Catalina Channel Swimming Federation Newsletter.

http://www.swimcatalina.org/Newsletters/September%202010.pdf

Penny Palfrey joined exclusive company with her Catalina crossing in 10 hours and 36 minutes. She’s one of fewer than 200 swimmers to accomplish this Channel. Plus, Penny became the first Australian woman to swim the “Triple Crown” (Catalina, English Channel and Manhattan Island Marathon Swim). In addition, Penny is the first woman to swim solo from 3 of the 8 Channel Islands of Southern California. Last year, she swam 40-miles from Santa Barbara Island and a year earlier she did a 26-mile crossing which started at San Miguel Island. The only other swimmer to have made 3 Channel Island solo crossings is David Yudovin, who in the 1980s made swims from Anacapa and Santa Cruz. Also, David’s crossed the Catalina Channel 4 times over 3 different decades.

Steven Munatones Reports On Chris’ Catalina Channel Attempt On Wednesday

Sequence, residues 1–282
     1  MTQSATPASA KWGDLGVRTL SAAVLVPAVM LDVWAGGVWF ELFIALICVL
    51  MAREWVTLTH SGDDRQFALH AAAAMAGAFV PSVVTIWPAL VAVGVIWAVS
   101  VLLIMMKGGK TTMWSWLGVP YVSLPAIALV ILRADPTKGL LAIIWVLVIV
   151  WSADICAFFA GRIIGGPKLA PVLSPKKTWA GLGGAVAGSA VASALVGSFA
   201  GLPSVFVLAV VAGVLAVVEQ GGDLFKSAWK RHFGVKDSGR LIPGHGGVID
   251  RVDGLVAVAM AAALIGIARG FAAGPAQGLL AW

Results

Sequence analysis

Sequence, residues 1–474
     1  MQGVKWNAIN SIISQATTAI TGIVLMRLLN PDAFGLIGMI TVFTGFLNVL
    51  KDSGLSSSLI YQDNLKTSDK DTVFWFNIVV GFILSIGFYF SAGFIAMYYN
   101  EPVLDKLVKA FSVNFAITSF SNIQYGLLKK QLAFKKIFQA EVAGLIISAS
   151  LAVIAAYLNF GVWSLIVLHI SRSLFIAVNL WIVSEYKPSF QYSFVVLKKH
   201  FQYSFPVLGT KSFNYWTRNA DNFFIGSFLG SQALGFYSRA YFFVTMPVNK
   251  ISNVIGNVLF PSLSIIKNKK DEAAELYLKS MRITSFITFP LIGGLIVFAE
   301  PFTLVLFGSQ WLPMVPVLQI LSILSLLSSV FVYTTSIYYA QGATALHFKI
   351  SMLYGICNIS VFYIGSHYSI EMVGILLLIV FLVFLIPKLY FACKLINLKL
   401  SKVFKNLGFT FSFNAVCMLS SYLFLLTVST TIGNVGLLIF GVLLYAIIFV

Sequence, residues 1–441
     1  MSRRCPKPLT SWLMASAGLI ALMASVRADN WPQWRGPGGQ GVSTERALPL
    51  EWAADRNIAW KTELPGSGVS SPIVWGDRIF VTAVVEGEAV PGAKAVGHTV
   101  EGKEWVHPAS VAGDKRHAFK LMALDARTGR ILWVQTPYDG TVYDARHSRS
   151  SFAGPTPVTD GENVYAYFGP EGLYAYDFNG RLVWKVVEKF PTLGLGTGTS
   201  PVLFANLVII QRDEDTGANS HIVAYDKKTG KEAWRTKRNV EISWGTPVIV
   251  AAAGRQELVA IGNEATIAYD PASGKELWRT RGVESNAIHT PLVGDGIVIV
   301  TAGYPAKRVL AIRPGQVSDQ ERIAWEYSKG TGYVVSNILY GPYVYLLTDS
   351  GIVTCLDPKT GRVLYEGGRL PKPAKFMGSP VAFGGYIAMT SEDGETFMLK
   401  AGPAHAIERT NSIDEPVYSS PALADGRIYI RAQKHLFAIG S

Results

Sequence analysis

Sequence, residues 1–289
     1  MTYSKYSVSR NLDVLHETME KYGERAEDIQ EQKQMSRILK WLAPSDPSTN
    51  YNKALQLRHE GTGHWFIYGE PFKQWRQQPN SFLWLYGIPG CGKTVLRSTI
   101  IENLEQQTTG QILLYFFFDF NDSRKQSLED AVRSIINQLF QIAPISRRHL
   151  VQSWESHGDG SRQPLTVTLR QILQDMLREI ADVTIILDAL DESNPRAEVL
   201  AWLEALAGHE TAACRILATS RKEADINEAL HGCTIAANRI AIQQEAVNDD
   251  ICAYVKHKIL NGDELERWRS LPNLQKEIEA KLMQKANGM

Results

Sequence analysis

http://www.dailynewsofopenwaterswimming.com/2010/09/getting-dumped-into-cold-up-north-from.html 

Getting Dumped Into The Cold Up North From Down Under

Chris Palfrey followed his wife, Penny Palfrey, into the Pacific Ocean last week in a Catalina Channel attempt.

After training in Australia in one of the warmest winters on record, the Palfreys took to the Catalina Channel in the coldest ocean temperatures in recent and distant memories. Cold, rough, warm, calm, they accept what Mother Nature offers them.

Renowned Catalina Channel escort pilot John Pittman who was out on the water when his father escorted Lynne Cox back in the early 1970s said he has never seen a summer like this.

Chris, who earlier set the Molokai Channel record in 12:53 this year, made all the right moves. “We checked the water at Point Vicente for the currents, said waterman Forrest Nelson. “We discovered the currents were pretty nil, so went for a Palos Verdes start in 54°F (12°C) and aimed throughout the night for warmer water. Unfortunately, he cramped at the 90-minute mark. He chose a difficult week in a challenging summer. Chris and Penny never got to train in open water any colder than 75°F (24°C), so getting dumped into 12°C had to hurt.”